• Peter Staveley

    Of course UKIP has long been arguing for electoral
    reform. UKIP wants to see a form of proportional representation at all levels
    of government. In May 2014 UKIP became the only party (that was not the Labour
    Party or the Conservative Party) to have won a national election for over 100
    years. The European election uses a proportional system that ensures that all
    votes count. If our votes counted then I am sure that voters would be more
    interested in our they are governed.

    The coalition Government promised to put Peers in the
    House of Lords to reflect the voting in the 2010 General Election. That would
    have meant there would be over 20 UKIP Peers, none have been appointed. As
    Douglas Carswell stated this morning, when he defected to UKIP, the
    Conservative Party and the coalition Government are not interested in electoral
    reform that the Country needs. Indeed Douglas has done the honourable thing and
    has asked his voters to confirm that he should be a UKIP MP by standing down
    and so forcing a by-election. It will be interesting to see how long the
    Conservatives attempt to delay the calling of the by-election, since it is in
    their gift to call it.

    In Croydon it is a sad fact that those voters in Croydon
    North and Croydon South will have no say in the make-up of the next Government.
    That fact is one of the reasons that the turnout for elections is so low. The only
    encouraging thing is that polling by the Conservative Lord Ashcroft has shown
    that a large proportion of UKIP votes come not from previous Conservative
    voters nor from previous Labour voters but from people who have never voted or
    have not voted for more than 10 years. To me (and today’s defection) shows that
    there is hope for British politics and that not all politicians are from public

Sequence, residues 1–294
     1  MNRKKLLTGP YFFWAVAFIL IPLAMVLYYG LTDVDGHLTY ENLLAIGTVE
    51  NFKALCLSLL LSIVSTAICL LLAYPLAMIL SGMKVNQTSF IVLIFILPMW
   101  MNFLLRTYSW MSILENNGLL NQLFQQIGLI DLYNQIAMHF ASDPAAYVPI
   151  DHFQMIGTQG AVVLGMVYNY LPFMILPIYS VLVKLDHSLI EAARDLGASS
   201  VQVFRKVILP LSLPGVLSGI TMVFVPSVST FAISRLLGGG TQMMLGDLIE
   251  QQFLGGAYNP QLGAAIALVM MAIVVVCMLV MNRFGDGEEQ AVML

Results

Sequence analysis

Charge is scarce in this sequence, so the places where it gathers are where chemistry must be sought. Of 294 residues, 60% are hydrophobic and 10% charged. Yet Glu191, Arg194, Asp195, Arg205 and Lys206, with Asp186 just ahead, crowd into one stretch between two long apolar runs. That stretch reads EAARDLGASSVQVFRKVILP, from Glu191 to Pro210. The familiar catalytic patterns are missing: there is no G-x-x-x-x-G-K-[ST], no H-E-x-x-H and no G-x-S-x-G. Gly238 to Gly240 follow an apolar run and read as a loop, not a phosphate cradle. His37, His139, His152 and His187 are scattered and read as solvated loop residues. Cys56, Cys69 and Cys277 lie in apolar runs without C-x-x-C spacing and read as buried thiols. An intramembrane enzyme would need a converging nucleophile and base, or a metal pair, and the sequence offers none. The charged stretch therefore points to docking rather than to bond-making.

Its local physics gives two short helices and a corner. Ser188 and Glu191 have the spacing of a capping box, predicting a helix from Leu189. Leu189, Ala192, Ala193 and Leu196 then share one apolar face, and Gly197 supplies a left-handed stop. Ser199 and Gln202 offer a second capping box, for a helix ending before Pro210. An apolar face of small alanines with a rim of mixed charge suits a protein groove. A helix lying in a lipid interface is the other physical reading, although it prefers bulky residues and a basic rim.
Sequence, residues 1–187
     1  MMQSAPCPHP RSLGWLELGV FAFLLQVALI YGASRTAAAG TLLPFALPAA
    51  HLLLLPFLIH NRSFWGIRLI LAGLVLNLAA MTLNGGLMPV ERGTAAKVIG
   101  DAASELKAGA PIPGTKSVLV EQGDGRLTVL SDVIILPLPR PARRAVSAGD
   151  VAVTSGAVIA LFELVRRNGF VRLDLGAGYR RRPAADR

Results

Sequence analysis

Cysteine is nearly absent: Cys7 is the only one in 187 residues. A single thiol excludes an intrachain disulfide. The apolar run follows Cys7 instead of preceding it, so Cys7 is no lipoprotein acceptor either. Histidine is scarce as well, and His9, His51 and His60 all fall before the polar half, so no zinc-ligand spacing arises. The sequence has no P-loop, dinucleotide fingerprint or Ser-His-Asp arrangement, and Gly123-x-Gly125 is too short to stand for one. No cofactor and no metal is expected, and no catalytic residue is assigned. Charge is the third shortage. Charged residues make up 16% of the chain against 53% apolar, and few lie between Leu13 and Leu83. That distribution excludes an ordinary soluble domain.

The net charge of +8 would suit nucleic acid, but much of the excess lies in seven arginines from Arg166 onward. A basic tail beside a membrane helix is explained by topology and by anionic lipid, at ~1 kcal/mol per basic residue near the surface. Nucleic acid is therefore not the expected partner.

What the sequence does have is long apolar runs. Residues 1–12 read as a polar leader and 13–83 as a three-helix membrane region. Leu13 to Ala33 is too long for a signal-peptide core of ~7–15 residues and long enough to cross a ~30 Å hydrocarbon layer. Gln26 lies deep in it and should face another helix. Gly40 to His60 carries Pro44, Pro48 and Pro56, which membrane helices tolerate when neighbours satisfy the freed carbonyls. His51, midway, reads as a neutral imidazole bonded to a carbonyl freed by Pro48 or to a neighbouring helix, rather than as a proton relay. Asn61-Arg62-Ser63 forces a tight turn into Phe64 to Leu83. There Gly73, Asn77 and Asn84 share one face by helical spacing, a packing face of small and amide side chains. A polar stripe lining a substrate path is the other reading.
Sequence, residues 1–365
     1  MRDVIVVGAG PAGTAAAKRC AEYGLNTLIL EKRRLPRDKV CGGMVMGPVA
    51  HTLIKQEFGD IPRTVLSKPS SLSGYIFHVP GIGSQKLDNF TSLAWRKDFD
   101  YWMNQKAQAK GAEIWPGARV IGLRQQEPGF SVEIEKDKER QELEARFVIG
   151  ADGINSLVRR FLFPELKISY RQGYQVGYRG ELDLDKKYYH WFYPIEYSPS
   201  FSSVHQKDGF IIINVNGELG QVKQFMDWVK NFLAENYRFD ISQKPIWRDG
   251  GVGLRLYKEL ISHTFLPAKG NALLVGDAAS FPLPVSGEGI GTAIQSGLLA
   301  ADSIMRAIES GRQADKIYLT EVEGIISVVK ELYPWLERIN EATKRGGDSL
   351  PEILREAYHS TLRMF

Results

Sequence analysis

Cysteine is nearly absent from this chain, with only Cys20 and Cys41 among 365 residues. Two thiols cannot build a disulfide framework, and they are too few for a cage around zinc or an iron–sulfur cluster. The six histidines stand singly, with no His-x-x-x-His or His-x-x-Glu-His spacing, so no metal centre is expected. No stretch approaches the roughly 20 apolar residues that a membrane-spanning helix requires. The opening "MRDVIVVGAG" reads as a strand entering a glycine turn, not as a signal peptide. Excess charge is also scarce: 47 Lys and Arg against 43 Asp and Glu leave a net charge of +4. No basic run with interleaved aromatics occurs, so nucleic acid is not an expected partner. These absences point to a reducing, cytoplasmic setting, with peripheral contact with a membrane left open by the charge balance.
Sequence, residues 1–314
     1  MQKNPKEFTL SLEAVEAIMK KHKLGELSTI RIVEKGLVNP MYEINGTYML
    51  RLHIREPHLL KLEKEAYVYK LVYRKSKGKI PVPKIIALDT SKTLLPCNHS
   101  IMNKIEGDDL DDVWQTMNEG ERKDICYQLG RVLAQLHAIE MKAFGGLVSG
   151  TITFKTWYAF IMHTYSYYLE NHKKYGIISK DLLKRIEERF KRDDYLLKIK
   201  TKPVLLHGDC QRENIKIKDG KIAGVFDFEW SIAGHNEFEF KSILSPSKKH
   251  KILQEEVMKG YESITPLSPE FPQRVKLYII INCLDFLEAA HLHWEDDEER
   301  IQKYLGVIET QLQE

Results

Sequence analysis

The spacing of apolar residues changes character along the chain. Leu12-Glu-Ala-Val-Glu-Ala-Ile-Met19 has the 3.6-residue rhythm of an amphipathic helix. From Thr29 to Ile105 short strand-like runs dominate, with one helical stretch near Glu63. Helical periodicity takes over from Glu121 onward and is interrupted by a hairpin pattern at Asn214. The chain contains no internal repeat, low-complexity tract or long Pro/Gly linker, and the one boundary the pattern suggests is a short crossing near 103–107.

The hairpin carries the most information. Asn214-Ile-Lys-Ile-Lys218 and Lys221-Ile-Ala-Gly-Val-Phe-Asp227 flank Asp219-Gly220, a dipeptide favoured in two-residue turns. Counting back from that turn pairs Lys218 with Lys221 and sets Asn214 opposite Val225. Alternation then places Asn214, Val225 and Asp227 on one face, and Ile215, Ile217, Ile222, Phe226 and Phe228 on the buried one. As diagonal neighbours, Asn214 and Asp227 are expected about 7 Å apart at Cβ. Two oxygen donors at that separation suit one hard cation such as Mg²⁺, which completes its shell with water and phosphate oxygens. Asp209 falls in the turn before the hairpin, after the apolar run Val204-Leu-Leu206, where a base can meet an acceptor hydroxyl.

schools and are totally out of touch with the voters.

  • Bob_G

    What we don’t want though is endless coalitions, which is what happens in countries that use PR. You get a single party with say 30% of the vote, and it agrees to support whichever other parties make it’s leader (for example) chancellor. So it keeps that post in perpetuity. Once that happens, then you get things like the unsackable Merkel, or the recent Euro leadership election where a candidate can win without a single UK voter having any say whatsoever.

    • Peter Staveley

      Of course the problem with the EU is that it is designed to be anti-democratic. The proportional election only elects the MEPs, who has far fewer powers than a Member of the House of Lords. There is no democracy in either the Commission or the Council, which is where the real power of the EU lies.

      I understand the problem of parties doing back-room deals. That means we have to think-through the electoral system that is to be adopted. Therefore, I would suggest that we have to be able to elect the leader (which the EU does not permit).

      One solution would be to make sure that you have the power of recall by the voters. So if a petition of a x% of voters (and we can argue over the value of x, but it would be at least 5%) then a by-election of the MP is called. That would have been useful to get over today’s problem that the PCC for South Yorkshire will not resign and we cannot sack him, because there is no power of recall by the voters.

      Ultimately what matters is whether the Country’s economy is good and that the population take an interest in how they are governed. The electoral system should be designed to allow that to happen rather than worry about the people in government.

      Personally I like the Swiss system of direct democracy where there are referendums on the important matters and a (sizeable) petition can initiate a referendum. The Swiss manage to run a healthy economy and, by all
      accounts, their population think that it is being run democratically.

    • lizsheppardjourno

      It’s certainly a risk, although there isn’t just one entity called ‘PR’ but a number of different versions of it. Debating this arcane matter does not, of course, engage people either.

      Whatever the risk, I still prefer a muddled attempt at reflecting the ‘will of the people’ to the system we have now, which results in little will to do anything.

    • 4187